ERIC Number: ED042148
Record Type: RIE
Publication Date: 1970-Jul-24
Reference Count: 0
An Automaton Analysis of the Learning of a Miniature System of Japanese. Psychology Series.
Wexler, Kenneth Norman
The purpose of the study reported here was to do an automata-theoretical and experimental investigation of the learning of the syntax and semantics of a second natural language. The main thrust of the work was to ask what kind of automaton a person can become. Various kinds of automata were considered, predictions were made from them, and these predictions were then tested against data from a learning experiment in order to distinguish between the models. Experimental material was a sub-domain of the set of arithmetic sentence in Japanese, because it was felt that work with a small limited system of language would enable the formulation of precise theories capable of being tested precisely. Syntax learning was felt to be the most important focus of the study; other factors looked for were the influence of semantic practice on syntax learning, and semantic learning. Results of the experiment suggest that a finite automation is not the appropriate representation for the subjects in the experiments; results on semantics suggest that studies of syntax learning that do not include a semantic model may be losing an important component of syntax learning. (Author/FWB)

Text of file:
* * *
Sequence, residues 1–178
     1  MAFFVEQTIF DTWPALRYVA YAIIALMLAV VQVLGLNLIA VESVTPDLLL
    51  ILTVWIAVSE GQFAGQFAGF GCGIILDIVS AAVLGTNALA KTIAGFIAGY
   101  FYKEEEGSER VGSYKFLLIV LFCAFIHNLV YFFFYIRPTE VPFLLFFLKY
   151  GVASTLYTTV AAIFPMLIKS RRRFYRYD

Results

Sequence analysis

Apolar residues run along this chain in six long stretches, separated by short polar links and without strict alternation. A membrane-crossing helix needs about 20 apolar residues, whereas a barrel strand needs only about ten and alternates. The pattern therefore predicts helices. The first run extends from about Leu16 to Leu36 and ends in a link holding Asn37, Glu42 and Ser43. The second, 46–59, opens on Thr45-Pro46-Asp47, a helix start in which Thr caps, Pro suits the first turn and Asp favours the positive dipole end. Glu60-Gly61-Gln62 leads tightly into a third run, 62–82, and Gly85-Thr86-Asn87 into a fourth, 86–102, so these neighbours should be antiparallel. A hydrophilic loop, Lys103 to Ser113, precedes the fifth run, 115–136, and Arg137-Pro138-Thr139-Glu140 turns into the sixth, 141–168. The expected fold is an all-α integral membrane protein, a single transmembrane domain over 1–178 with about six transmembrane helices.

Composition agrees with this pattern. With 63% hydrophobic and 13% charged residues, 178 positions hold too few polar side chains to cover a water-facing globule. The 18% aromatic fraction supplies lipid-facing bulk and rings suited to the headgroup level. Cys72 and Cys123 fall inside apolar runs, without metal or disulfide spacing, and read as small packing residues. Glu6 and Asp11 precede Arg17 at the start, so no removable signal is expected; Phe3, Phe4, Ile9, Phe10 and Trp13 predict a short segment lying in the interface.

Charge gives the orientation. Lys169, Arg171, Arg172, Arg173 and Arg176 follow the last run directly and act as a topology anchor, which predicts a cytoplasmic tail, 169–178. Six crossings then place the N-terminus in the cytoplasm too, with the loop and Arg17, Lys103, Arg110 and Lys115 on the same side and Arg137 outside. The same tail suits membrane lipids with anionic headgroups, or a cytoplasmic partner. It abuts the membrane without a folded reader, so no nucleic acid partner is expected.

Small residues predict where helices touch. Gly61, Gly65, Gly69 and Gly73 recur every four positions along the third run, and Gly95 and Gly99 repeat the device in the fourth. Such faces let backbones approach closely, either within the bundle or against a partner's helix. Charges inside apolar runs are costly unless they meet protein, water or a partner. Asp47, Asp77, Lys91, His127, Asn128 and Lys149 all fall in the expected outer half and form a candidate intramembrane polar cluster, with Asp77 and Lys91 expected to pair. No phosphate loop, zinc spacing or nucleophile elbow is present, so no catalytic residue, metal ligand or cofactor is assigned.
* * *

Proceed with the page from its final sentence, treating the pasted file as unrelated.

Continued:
Publication Type: N/A
Education Level: N/A
Sponsor: Edward E. Ford Foundation, New York, NY.; National Science Foundation, Washington, DC.
Authoring Institution: Stanford Univ., CA. Inst. for Mathematical Studies in Social Science.
Identifiers: Automata Theory; Automaton Analysis